(Here a unicorn is a technology startup which is privately owned and worth a billion dollars or more.)
To create massive value and build a huge company you have to do something which no one else has done – not copy success.
About the book
Zero to One
Notes on startups, or How to build the future
by Peter Thiel with Blake Masters
Bio: Peter Thiel was the founder of PayPal and Plantir, and first outside investor in Facebook as well as funding a bunch of other successful companies. Theil has become hugely unpopular in the past year for secretly funding the court case which shut down Gawker and for endorsing Donald Trump. While endorsing Trump is pretty abhorrent, it doesn’t change his business advice.
Blake Masters was a student in Thiel’s Stanford class where he took the notes which later became the basis of this book.
This book has long been on my reading list because of Theil’s insight on startups. While some advice would be useful to starting a business in general, it is directly aimed at technology startups.
The main point
The book title is about creating a new business model from scratch, rather than iterating on a current idea. Iteration is easier, you follow previous businesses models. He is urging readers to step out and create value by doing something new.
“It is better to risk boldness than triviality.”
Thiel makes strong arguments for building a monopoly, rather than a competitive business. We can see revolutionary businesses are able to change how the world works. Conversely, if you open the 3,000th online pet supply store, you’re going to be locked in a competitive battle. Competitive businesses can only make minuscule profits. Analogies with war are only applicable to competitive businesses. More monopolistic businesses can rise above this cutthroat battlefield and focus on making a real change in the world.
I think there’s a middle ground, between creating the next Uber and opening an online pet supply store. I want to trade off somewhere between the high risk/reward of a monopolistic startup and the lower risk/reward of starting an iterative business. I think many successful startups might not become unicorns, but still achieve success in this middle ground.
Other standout advice from the book:
Thiel believes Apple like success comes from long-term, visionary design. Not from creating a minimum viable product and iterating it based on user feedback. This is counter to almost all of the current advice. I feel like it would be true only for founders with great talent at predicting what will be successful. So rather than iterating as you get feedback he believes in a having a long-term plan. Even to the point that a bad plan is better than no plan at all. He argues that startups generally only sell when the founders have run out of vision for what to do next. My favourite story from Theil is when Yahoo offered a billion dollars for Facebook. At their board meeting Theil and the third board member wanted to discuss the offer, but Mark Zuckerberg saw it only as a formality to dismiss it. At 22 years old Zuckerberg could turn down that much money without a thought because he had a vision for what he was going to do with his product. His share of Facebook is now worth about $53 billion. (This story is mentioned in the book, but better told by Theil on James Altucher’s podcast.)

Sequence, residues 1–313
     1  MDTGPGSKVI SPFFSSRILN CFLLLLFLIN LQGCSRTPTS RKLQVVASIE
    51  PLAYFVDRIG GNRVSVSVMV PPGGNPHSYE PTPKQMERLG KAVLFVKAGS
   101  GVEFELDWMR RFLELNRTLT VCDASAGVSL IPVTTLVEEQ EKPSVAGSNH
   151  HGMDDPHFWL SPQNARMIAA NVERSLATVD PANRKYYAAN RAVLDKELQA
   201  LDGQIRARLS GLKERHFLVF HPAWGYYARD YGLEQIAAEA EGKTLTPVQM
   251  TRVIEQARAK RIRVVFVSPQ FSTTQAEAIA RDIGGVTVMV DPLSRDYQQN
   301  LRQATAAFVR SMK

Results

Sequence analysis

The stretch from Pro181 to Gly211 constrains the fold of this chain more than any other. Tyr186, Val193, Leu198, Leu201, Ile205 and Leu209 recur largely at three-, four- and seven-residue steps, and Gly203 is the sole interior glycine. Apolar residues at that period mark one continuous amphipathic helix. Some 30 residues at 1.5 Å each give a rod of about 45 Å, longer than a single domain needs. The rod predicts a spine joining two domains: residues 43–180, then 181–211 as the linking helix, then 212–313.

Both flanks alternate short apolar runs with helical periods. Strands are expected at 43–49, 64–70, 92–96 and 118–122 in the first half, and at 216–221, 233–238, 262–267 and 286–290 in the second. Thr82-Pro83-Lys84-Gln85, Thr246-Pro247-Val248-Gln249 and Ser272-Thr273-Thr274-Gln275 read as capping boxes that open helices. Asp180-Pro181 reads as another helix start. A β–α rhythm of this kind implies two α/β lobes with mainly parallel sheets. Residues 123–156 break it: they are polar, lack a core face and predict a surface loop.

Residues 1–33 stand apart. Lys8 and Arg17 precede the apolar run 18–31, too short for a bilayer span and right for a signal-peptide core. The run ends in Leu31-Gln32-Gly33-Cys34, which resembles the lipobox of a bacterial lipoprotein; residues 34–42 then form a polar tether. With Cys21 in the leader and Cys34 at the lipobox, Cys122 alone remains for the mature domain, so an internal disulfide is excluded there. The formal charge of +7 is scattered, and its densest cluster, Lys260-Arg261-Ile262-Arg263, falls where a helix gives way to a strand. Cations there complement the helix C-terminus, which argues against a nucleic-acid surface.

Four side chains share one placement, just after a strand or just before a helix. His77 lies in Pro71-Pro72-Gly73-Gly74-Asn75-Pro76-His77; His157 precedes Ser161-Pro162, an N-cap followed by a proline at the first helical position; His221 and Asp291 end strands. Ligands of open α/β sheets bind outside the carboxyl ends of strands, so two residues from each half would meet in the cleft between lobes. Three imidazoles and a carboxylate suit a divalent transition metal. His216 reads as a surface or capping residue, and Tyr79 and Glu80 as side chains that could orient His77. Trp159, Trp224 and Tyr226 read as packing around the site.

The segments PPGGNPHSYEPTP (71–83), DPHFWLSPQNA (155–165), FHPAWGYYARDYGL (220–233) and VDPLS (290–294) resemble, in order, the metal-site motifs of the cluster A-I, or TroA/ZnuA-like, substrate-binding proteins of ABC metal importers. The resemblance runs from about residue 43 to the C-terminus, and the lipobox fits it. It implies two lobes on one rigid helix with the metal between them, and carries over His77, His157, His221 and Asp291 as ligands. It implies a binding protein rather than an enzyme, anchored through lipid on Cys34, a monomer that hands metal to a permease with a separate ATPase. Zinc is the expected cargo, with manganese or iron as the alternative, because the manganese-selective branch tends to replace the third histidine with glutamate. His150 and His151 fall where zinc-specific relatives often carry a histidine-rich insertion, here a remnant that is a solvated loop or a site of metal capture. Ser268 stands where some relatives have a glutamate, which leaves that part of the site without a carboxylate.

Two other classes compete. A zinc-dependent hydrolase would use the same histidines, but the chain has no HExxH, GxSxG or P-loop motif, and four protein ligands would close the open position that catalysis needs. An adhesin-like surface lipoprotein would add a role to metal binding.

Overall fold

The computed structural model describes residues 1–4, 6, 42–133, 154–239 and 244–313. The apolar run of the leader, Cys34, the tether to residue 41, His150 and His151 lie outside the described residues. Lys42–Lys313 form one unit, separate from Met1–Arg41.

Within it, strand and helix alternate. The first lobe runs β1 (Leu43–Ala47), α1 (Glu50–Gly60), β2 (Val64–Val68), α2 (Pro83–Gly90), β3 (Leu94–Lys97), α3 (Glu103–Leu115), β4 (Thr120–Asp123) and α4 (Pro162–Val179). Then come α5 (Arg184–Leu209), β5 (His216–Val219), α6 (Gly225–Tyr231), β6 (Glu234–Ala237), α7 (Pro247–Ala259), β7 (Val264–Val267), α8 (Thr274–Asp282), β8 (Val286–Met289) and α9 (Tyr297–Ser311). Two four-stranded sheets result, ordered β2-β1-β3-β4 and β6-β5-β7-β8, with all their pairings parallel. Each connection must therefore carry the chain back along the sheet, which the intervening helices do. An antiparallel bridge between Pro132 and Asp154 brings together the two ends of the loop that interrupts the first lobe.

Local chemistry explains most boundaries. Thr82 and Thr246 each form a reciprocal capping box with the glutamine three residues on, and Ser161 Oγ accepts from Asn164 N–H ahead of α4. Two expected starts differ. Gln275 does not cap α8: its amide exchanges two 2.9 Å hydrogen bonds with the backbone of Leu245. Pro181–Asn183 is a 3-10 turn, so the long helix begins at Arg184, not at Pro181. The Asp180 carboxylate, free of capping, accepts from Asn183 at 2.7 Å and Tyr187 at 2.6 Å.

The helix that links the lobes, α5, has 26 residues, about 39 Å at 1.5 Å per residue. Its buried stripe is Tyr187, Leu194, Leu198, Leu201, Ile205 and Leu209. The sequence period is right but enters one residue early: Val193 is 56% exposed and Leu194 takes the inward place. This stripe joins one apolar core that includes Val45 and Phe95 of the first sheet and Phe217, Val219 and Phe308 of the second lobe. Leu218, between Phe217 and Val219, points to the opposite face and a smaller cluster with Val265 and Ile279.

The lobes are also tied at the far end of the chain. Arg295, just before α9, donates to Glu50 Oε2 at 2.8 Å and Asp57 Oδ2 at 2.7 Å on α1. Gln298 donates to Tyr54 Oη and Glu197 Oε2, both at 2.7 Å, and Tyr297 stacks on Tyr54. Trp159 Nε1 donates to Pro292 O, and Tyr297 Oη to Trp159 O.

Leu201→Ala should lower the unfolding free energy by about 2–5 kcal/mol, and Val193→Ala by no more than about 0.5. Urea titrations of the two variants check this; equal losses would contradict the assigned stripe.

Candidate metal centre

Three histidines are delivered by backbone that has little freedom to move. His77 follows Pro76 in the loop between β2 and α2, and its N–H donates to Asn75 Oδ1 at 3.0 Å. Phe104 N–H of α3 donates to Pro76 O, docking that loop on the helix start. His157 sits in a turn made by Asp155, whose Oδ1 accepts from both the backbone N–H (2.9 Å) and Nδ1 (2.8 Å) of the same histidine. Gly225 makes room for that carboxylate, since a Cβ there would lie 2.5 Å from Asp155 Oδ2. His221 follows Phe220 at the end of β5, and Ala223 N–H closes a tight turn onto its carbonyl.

Focus your thinking on developing a unique product. For all the other areas of business – marketing, sales, accounting, finance, etc – just follow conventional practice. If you get the product right, doing the other things conventionally will work fine so don’t waste effort trying to reinvent them. That said, sales and marketing are crucial and should probably receive more effort than the product.
Choose founders who like to work together. It’s not about getting the best people, it’s about getting people who will well together. Elsewhere I’ve heard this expressed: getting the top engineers in the world (as opposed to normal engineering talent) is unlikely to make a real difference to your business – but getting a team that works well together can make all the difference.
Thiel lists seven questions which must be answered by a startup to be successful:
1. The Engineering Question: Can you create breakthrough technology instead of incremental improvements?
He defines breakthrough as totally new, or ten times better than current solutions.
2. The Timing Question: Is now the right time to start your particular business?
3. The Monopoly Question: Are you starting with a big share of a small market?
Even if you’re not trying to create a unique startup, this is a great questions for any business.
4. The People Question: Do you have the right team?
5. The Distribution Question: Do you have a way to not just create but deliver your stuff?
6. The Durability Question: Will your market position still be defensible in 10 years?
How much profit can you make in the future?
7. The Secret Question: Have you identified a unique opportunity that nobody else sees?
Theil believes the big opportunities come from having a contrarian view. But the thing is, your contrarian view has to be correct.